Life and art inspire us in all forms, and sometimes in unusual places. Some may see it as defacing public property, but done well, street art around the world relays powerful and very public messages – and that’s something we like to get behind.
“The possibility I find exciting is you could turn the world’s most invasive and degrading structure into the world’s longest gallery of free speech and bad art.” – Banksy
#1 Let’s Talk About Gaza
Where: Gaza, Palestine
What: Earlier this year the world-renowned anonymous graffiti artist/political activist/film director went undercover in Gaza to spray paint a series of art-work putting Gaza’s dire situation into frame. He also filmed a documentary of his exploits, a way to put forth his political voice – in our opinion this has got to be Banksy’s best work to date.
#2 Need Food Not Football
Where: Brazil and Spain
Who: Various Artists
What: As the world got excited over the World Cup in Brazil last year, various anti-World Cup graffitis popped up on the walls of Brazil and Spain to draw on the poor state of the country and its general population. This particular one depicting a starving child was painted on a building in Spain and has since been removed. Shame.
#3 Shadows of Life
Where: Pripyat, Ukraine
What: Almost three decades ago, the people of Pripyat (nearly 50,000 of them) abandoned their hometown for safety after the Chernobyl disaster. In the last few years Pripyat has been showing signs of life in the form of art – street art. Black ghostly figures and remnants of happier days evidently still haunt the town.
#4 Love Knows No Race
What: This London based graffiti artist is famous for his stick figures, having worked with organisations including Amnesty International, British Waterways and Reclaim the Streets. This one on Princelet Street near the über hip Brick Lane (known for its racial tension) shows a stick woman in burqa holding hands with a white stick man. Make love, not war – right?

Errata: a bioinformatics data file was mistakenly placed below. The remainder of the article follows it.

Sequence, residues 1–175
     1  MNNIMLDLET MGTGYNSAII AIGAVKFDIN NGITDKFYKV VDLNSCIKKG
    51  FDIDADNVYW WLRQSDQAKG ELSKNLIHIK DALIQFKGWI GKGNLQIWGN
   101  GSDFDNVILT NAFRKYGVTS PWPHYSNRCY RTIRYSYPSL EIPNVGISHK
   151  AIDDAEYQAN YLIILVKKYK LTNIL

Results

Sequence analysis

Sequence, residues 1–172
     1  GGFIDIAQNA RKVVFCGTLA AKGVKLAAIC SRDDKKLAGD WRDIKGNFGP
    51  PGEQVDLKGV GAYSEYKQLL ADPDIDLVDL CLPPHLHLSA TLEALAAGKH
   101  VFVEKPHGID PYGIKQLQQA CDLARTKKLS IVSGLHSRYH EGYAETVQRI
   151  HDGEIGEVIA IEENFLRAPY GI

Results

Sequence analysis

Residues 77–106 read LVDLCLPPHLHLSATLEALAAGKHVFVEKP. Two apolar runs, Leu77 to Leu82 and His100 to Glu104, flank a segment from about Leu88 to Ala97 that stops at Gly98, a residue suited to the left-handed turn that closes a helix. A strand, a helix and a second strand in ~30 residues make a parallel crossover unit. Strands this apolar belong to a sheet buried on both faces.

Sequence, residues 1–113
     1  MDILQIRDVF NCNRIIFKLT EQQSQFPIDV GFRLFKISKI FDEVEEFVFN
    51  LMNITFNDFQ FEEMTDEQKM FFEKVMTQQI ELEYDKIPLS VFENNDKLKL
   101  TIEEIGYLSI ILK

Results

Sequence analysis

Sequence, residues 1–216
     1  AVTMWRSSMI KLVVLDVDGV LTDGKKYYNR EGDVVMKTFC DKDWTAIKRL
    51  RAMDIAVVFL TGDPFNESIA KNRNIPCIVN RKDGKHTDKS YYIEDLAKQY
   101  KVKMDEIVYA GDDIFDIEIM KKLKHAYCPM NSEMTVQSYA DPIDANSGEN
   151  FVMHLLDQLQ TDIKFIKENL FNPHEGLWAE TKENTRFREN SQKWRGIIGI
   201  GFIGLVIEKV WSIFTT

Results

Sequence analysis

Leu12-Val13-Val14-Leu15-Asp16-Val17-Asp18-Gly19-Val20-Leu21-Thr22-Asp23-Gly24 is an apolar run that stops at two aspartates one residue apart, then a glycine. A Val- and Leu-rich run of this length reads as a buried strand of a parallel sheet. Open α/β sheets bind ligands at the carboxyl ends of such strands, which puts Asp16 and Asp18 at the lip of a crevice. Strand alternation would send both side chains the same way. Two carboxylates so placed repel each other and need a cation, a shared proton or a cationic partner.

#5 Weight Of the World
Where: Karlsruhe, Germany
What: This acrylic work by German street artist Dome painted in 2013 is titled “Holding hands” – we’re no art curators but since no further explanation was offered, we think it means solidarity equals support. But hey, what do we know? It looks pretty cool though!
#6 Hooray Crochet
Where: Around The World
Who: Guerrilla Crochet-ers
What: Taking (or shall we say stitching) street art around the world to a whole new level, Guerilla Crochet-ers have been taking the world by storm – yarn storm. The movement was said to have originated in Houston when a lady crocheted a cozy for her door handle, which led to a crochet craze that made the granny-hobby cool again. From road signs to sculptures and parked cars to bicycles – they’ve all become victims of yarn bombing.
#7 Lest We Forget
Who: Jamie Wardley and Andy Moss aka Sand In Your Eye
What: The world is their canvas for British artists and sculptors Jamie Wardley and Andy Moss – who with the help of 60 volunteers and 500 locals, took their art to the beaches of Normandy to commemorate International Peace Day. Together, they etched out silhouettes of 9,000 fallen soldiers on the sand using rakes and stencils. Not long after completion, all efforts and hard work were washed away by the tide – but it remains inspiring.
Ed’s note: So technically this is “beach” and not “street” but it’s a rebel art with a cause and deserves a mention.